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Free Theatre pushing boundaries

Published: Thu 13 Aug 2015 10:06 AM
Free Theatre pushing boundaries with international collaboration
Free Theatre Christchurch has embarked on a new music collaboration with two internationally renowned artists.
Chinese composer Gao Ping and New Zealand conductor Hamish McKeich are working with the Christchurch experimental theatre collective to push the boundaries of music-as-performance. Inspired by avant garde Argentine-German director Mauricio Kagel, director Peter Falkenberg has initiated a project that sees musicians working with instruments as if they are theatrical props and actors working with theatrical props as if they are instruments.
“Influenced by John Cage and the Dada cabarets, Kagel created and developed a new music-theatre genre, where music-making itself becomes theatre as a comic, absurd and above all joyously playful activity,” says Falkenberg.
Supported by Creative New Zealand and the Asia New Zealand Foundation, an intensive workshop and devising period will culminate with the presentation of a work-in-development at the 2015 Christchurch Arts Festival (CAF) in September. The project sees Free Theatre actors collaborating with some of the city’s best jazz and classical musicians.
Pianist-composer Gao Ping is developing a work especially for the project that draws on his cultural heritage and his experiments working between Chinese and Western musical idioms. Gao Ping is described by the Beijing based musicologist Li Xi’an as a leading member of the “sixth generation” of Chinese composers after the “fifth generation” composers such as Tan Dun and Qu Xiaosong. He will be resident in Christchurch through the early part of September. “This is a very adventurous undertaking. I’m excited and eagerly looking forward to working with my fellow artists in Christchurch,” he says.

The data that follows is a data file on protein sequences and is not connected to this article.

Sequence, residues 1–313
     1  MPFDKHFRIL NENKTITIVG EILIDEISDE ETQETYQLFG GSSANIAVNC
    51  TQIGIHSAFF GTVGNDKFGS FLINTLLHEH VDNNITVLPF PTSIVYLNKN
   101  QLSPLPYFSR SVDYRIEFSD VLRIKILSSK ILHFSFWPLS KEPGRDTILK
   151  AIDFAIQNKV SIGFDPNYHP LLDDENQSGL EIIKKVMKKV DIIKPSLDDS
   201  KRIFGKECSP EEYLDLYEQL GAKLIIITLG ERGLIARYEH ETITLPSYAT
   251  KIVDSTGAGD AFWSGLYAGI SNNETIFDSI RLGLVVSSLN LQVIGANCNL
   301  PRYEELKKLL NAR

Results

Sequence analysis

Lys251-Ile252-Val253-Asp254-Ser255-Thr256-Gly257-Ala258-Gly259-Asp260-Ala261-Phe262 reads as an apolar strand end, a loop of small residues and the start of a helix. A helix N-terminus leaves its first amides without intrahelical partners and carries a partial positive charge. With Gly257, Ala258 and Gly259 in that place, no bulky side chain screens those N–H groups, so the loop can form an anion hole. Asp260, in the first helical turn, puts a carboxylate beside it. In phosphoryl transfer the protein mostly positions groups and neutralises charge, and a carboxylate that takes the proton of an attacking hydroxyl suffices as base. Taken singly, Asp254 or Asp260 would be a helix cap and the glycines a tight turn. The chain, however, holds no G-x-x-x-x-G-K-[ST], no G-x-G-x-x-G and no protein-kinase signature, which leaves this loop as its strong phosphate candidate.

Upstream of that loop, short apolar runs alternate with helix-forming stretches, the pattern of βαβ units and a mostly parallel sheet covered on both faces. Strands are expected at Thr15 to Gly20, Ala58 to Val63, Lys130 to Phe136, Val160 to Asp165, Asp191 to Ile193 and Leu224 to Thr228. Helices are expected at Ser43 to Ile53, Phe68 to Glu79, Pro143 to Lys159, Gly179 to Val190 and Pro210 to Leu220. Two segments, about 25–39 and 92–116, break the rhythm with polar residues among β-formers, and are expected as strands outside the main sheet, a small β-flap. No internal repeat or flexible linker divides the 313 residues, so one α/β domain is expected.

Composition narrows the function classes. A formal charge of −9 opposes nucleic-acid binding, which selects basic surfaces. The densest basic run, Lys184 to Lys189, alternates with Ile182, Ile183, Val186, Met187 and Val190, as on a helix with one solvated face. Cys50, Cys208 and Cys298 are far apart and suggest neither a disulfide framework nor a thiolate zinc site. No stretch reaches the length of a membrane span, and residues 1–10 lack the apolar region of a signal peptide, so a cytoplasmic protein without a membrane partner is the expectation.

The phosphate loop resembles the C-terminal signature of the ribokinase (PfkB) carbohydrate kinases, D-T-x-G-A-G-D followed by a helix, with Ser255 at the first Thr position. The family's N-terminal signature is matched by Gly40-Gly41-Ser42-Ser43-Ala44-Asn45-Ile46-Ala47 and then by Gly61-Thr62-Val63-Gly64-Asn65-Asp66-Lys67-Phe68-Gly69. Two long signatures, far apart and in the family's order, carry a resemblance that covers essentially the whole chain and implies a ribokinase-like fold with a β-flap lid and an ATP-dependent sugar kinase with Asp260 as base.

Conductor Hamish McKeich sees this project as a continuation of a fruitful collaboration with Free Theatre that began in 2013 with The Soldier’s Tale, a CSO production for the Arts Festival. “I’m delighted they wish to tackle this new project, I couldn’t think of a better organisation to bring out the qualities inherent in Kagel’s music and drama”. While McKeich has an acclaimed partnership with the New Zealand Symphony Orchestra and has performed with major orchestras all over the world, he has a particular passion for developing the repertoire of contemporary and experimental music. He sees this as a great opportunity, “Mixing different disciplines together is not easy to do but I’m personally convinced this collaboration has the recipe for success and longevity. I’m personally delighted to be involved”.
Workshopping is currently underway in Christchurch’s new contemporary performance destination in the Arts Centre, The Gym. As the resident company, Free Theatre has launched a New Works and Education Programme, which has included the popular Ubu Nights, Kafka’s Amerika and Footprints/Tapuwae as part of Te Puna Toi 2015. The Mauricio Kagel Project continues Free Theatre’s aims to build new collaborations and audiences in the restored Arts Centre. Producer George Parker says, “This is an example of the kind of collaborations we’re developing with artists from diverse disciplines and with the city’s major festivals. We’re looking forward to hosting several Christchurch Arts Festival productions in The Gym (which will be dubbed ‘The Fletcher Construction Festival Studio’ during the festival) and developing interdisciplinary projects like this that can really offer new directions and partnerships”.
While it is a challenge for the artists to be working in different places before coming together in September, Parker says this is all part of pursuing the company’s ambitions to develop ground-breaking collaborations. “The great thing about this project is that we’re working with two great artists who believe art emerges when traditional boundaries are crossed. We’re really thrilled to be developing a project that can go on, grow, evolve and flourish, contributing to this city’s reputation for influential experimental art,” he says.
As with all ongoing Free Theatre work, the development of this project will involve workshops where participants will be able to learn from what the actors and musicians have discovered as part of this extraordinary collaboration.
On Saturday September 12, the collaborators will also take part in a special Free Theatre Ubu Night, which explores the countercultural world of the Beat Generation.
ENDS

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